After reviewing the scenario, address the following questions: What are the advantages and disadvantages of each type of team?

Words: 595
Pages: 3
Subject: Business


The idea behind this exercise is to challenge our understanding of what makes a team successful: star players or star performance? To prepare for this discussion forum, read the following article and answer the questions in the Initial Post Instructions.

Should I Hit the Recruiting Trail?

Your life as a college basketball coach used to be fairly easy, since it was based on just one principle—get the most talented players. A few months every year, you and your army of assistants and scouts would comb the country, looking high and low for the best players, and convincing them that your program was where they belonged. And even if recruiting didn’t go your way one year, you could expect that that the players you did get would be a part of your program for three or four years.

Well, times have certainly changed. You still have to go recruiting, but the allure of playing big time college basketball for four years has faded. At first, your players started leaving for the NBA before they graduated, some as early as their sophomore years. And then, elite high school players decided that they didn’t need to go to college at all, going straight into the pros. To try and revitalize the college game, the NBA passed the “one and done” rule in 2005, requiring that its players be one year removed from high school graduation. But this made your job even tougher—even though the best high school players came to play for you, they only stayed one season. This left your program with little continuity and stability. What’s worse, you were left with little margin for error—if you didn’t recruit well each and every year, your team would be quickly passed by the competition.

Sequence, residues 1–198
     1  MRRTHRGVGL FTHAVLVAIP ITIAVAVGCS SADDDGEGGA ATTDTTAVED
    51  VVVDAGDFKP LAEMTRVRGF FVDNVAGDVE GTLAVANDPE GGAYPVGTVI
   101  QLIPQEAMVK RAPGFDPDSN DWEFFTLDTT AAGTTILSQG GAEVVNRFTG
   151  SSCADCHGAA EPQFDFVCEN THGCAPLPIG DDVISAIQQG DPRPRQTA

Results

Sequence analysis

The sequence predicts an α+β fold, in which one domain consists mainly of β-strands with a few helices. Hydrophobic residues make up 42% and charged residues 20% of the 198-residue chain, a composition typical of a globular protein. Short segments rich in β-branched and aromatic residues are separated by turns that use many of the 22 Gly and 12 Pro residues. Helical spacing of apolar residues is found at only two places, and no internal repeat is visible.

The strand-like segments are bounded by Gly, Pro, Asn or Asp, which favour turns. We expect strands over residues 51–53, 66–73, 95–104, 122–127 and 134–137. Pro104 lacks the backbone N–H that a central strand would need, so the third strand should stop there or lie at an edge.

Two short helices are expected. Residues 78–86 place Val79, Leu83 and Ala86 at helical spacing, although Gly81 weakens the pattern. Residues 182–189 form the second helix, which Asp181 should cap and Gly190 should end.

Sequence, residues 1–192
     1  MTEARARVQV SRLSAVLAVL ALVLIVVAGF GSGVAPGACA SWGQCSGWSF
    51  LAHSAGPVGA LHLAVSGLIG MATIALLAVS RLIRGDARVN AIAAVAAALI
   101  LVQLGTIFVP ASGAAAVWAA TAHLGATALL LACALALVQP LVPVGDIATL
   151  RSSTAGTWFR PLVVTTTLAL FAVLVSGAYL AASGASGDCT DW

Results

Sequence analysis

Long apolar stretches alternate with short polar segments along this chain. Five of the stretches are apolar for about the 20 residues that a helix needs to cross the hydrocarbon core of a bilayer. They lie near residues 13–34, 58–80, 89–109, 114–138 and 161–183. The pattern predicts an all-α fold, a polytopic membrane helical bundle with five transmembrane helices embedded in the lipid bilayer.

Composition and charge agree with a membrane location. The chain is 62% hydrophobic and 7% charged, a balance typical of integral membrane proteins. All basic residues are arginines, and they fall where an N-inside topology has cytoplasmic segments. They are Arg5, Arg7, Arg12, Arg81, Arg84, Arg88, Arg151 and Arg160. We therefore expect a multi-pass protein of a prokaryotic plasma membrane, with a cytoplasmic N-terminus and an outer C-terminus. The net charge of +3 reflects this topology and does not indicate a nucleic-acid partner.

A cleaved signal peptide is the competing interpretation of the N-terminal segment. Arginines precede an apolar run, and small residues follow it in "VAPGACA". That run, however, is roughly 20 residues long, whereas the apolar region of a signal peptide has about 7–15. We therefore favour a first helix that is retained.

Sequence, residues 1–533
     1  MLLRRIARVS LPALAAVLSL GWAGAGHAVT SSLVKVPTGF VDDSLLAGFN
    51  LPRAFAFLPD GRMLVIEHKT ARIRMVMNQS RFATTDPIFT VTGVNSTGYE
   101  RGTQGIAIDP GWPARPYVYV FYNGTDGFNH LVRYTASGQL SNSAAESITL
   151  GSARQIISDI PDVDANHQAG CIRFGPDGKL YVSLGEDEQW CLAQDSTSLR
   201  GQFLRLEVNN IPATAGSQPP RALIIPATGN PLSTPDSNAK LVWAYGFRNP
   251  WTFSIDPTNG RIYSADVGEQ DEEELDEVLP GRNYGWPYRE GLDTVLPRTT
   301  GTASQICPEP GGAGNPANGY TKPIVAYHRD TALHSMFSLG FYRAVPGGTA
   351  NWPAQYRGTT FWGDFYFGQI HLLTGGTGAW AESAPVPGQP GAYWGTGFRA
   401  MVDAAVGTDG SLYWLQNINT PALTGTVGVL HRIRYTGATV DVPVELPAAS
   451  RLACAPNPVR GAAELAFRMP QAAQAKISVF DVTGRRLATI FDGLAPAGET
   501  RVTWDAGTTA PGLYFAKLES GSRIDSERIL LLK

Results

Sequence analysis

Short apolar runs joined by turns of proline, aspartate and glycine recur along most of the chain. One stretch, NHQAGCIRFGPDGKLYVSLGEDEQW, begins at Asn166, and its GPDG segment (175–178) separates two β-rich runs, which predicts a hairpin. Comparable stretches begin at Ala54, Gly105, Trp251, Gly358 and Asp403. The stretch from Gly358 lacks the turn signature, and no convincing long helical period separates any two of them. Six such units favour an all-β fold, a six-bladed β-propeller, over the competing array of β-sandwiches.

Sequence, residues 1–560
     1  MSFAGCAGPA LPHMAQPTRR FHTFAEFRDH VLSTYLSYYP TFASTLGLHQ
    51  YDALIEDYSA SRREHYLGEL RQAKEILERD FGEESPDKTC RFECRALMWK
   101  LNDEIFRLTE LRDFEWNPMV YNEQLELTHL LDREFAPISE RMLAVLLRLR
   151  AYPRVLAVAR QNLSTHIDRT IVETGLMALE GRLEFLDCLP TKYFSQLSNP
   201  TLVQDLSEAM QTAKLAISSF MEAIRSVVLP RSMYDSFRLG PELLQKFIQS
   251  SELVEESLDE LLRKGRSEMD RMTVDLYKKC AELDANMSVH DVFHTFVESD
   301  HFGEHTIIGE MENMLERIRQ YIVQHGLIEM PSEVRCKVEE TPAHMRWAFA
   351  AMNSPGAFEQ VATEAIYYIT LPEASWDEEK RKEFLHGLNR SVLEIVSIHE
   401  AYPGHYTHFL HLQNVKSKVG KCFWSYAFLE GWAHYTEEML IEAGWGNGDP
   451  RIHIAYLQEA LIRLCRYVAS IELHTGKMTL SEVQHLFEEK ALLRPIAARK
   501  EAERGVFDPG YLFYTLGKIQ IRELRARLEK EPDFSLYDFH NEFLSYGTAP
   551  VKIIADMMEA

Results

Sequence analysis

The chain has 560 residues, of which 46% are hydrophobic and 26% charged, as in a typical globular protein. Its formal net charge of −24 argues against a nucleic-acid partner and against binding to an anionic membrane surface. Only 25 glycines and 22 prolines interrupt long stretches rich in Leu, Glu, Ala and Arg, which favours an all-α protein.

There have been a number of basketball programs that have found success using a completely different approach to team building. Rather than aiming for top talent that might be at school for two years, if lucky, coaches at smaller, lesser-known schools, often called the “mid-majors,” recruit lesser-known, complementary, role-players who have little ambitions for the pros and will likely be a part of the team for four years. And even though these coaches won’t be working with the next Michael Jordan, many have created cohesive teams that have had great success. Gonzaga University has made the NCAA tournament every year since 1999, while Xavier University has reached the “dance” every year since 2001. George Mason reached the “Final Four” in 2006, while Butler University made it all the way to the championship game in 2010. It’s not just that these teams are lucky. They’re the product of an approach to team building that emphasizes cohesion, cooperation, and commitment to the team.

So, which approach to team building do you think would be the best for your program, and more importantly, your sanity? Will you continue to look for as many superstars as you can, knowing that they may not stay around too long? Or, are you willing to pay more attention to complementary role players?

Initial Post Instructions

After reviewing the scenario, address the following questions:

1) What are the advantages and disadvantages of each type of team?

2) If you were to decide on the superstar-player approach, how would you deal with the instability within your organization?

3) If you were to take the team/role-player approach, what steps would you take to help the team, its members, and outsiders deal with the perceived lack of talent?
Class textbook MGMT 12 Principles Of Management by Chuck Williams this weeks chapters 8-10